Gen-Z's next music icon is a Manila-born polymath with hair that cycles through kaleidoscopic shades - and he's about to hotwire today's pop landscape with his poignantly personal, genre-splicing songs. "I'm an outsider of pop music, I kind of like it," he grins (today, his hair is Yorkie-bar blue). How big does he want to be? He smiles, before fixing me in the eye. "The aim is Beyoncé."
He may not be headlining Coachella yet, but No Rome's stunning, self-produced new EP 'Crying In The Prettiest Places' unambiguously puts him on a path to get there. While Rome's critically-lauded debut EP 'RIP Indo Hisashi' announced his ear for melancholic synth elysium, the new project captures his eccentric sonic sorcery with breathtaking cohesion. "'RIP Indo Hisashi' was very synthetic, ultra-modern pop music," he reflects. "But the new one is me unveiling all the stuff that I can do as well."
There's a remarkable lightness of touch to Rome's production; don't be surprised if 'Pink' makes you want to sack off work and skip through a field somewhere. But the pillowy textures are laced with a more mournful introspection - the earworm hook, "I'm been thinking all about your body," is both lonely and libidinous - a consequence of Rome writing the track in the raw aftermath of a relationship. "I was like, 'I just got my heart broken, I'm in LA for the first time and I'm messed up,'" he remembers. "I did the song in four takes."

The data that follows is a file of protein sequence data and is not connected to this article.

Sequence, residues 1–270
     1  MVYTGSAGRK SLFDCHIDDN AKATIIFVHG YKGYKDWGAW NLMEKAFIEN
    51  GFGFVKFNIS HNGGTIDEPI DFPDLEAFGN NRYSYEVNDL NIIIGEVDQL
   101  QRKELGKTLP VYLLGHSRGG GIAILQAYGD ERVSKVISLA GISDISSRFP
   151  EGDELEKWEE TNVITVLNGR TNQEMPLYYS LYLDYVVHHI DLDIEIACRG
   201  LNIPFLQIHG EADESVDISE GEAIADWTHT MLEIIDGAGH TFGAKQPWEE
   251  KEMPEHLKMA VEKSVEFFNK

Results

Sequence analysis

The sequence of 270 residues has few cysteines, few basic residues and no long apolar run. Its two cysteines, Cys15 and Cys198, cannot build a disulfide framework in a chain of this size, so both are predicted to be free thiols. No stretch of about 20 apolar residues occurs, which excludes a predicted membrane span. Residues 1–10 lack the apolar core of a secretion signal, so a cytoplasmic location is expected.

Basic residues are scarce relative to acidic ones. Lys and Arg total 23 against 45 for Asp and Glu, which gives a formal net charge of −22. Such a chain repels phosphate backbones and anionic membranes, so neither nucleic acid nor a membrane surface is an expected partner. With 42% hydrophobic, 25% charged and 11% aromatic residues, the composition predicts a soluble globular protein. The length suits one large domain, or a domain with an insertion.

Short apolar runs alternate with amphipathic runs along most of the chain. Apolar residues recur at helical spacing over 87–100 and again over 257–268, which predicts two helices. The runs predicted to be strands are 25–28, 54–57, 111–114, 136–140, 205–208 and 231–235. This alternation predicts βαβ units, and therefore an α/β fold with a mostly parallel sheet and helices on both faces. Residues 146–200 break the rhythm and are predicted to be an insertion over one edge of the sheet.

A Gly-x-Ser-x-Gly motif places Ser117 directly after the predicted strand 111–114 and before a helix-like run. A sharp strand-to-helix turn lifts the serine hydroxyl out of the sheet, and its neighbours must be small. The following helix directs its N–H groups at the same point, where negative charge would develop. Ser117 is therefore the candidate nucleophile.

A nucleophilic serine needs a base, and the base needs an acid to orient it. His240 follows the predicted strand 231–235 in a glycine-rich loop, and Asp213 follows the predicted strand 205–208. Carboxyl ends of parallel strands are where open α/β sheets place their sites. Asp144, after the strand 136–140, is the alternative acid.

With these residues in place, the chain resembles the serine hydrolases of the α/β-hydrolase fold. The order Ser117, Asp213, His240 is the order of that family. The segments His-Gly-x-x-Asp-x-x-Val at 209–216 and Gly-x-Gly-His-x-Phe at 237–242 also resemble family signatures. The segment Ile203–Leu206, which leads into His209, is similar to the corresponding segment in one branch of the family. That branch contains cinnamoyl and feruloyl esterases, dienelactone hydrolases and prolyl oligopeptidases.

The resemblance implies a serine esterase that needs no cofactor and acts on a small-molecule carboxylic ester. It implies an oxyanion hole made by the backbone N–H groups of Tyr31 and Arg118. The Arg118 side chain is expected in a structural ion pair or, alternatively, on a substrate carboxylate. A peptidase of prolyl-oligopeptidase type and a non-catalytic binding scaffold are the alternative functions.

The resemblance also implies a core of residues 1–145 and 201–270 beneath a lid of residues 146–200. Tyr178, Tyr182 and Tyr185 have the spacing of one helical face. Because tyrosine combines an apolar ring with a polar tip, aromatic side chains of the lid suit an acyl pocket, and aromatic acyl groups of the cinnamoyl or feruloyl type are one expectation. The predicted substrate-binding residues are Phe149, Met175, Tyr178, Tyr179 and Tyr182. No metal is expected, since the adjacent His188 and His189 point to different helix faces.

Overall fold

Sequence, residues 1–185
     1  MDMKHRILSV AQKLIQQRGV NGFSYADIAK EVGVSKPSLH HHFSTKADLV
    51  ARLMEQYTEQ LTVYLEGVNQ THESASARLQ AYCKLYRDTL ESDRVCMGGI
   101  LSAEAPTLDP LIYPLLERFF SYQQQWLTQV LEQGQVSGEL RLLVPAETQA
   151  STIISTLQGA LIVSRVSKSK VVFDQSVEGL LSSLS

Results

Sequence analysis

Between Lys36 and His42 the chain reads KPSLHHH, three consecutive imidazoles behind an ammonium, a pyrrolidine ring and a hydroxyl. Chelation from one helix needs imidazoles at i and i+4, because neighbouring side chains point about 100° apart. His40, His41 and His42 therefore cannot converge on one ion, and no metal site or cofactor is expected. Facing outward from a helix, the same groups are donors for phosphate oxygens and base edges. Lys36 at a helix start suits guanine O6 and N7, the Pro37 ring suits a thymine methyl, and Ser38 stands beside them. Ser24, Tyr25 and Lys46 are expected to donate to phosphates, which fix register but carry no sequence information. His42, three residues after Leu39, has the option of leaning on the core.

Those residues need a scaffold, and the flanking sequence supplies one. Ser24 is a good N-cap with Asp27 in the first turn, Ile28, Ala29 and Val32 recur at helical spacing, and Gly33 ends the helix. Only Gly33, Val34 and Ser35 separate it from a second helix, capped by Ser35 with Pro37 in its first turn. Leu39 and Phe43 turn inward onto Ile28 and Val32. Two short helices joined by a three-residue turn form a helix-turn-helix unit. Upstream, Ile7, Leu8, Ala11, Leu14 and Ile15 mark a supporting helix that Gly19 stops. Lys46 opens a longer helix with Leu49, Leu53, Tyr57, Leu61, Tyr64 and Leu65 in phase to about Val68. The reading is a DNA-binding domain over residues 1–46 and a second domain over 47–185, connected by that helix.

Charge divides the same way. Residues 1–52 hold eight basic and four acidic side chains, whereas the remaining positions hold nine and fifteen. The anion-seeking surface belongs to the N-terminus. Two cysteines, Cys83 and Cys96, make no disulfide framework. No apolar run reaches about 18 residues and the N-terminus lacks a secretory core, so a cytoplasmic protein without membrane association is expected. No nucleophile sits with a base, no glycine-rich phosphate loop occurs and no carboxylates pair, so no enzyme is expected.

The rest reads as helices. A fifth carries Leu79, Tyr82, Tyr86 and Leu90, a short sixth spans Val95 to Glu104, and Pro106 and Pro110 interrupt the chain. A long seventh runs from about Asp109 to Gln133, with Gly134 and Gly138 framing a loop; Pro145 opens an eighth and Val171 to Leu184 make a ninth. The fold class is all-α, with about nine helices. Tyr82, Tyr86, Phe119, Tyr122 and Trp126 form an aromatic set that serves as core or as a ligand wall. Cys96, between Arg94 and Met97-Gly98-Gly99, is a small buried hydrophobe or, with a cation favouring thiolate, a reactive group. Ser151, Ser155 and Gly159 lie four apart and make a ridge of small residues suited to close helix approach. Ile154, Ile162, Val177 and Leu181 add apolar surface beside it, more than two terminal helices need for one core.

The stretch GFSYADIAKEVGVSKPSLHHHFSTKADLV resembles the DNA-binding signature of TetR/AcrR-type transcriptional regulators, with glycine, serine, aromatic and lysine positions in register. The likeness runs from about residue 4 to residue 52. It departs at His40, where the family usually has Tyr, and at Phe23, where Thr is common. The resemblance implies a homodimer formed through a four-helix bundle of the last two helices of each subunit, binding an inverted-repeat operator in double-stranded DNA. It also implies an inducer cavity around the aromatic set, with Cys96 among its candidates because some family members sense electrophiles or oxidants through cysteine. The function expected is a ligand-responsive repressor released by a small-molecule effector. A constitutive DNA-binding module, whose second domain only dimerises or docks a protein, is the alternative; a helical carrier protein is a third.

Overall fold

As a young artist with an intuitive understanding of musicianship, it
makes perfect sense that Rome's creative process is defined by
boundary-setting. "I treat it like work," he says of his studio time. "I
don't like hanging around with people in the studio. Nobody fuck with
me; just let me do what I've got to do." But despite this honed focus,
Rome is just like any other 21 year old when the day wraps up.
"It's never uptight," he says, with a smile. "Monday night, what do we do? Let's get fucked up."
That's a juxtaposition - obsessive attention to detail mixed with a sneaky sense of fun - that brings an explosive dynamic to Rome's live performances. It's safe to say that you can abandon any thought of Rome as a bedroom producer hunched behind a laptop on stage. At a run of UK arena dates supporting his Dirty Hit labelmates The 1975 in early 2019, Rome was firmly at the forefront, stalking the stage with purpose, bouncing on the balls of his feet, and holding his microphone aloft with the conviction of a rock veteran. Does his friend and collaborator Matty Healy give him advice on performing? "Yeah, like a big bro," says Rome. "He just tells me to have fun."